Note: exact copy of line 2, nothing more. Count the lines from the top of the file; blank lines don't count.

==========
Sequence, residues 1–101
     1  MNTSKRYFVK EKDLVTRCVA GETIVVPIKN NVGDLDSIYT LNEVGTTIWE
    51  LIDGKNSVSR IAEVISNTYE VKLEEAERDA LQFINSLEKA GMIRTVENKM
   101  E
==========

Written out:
     1  MNTSKRYFVK EKDLVTRCVA GETIVVPIKN NVGDLDSIYT LNEVGTTIWE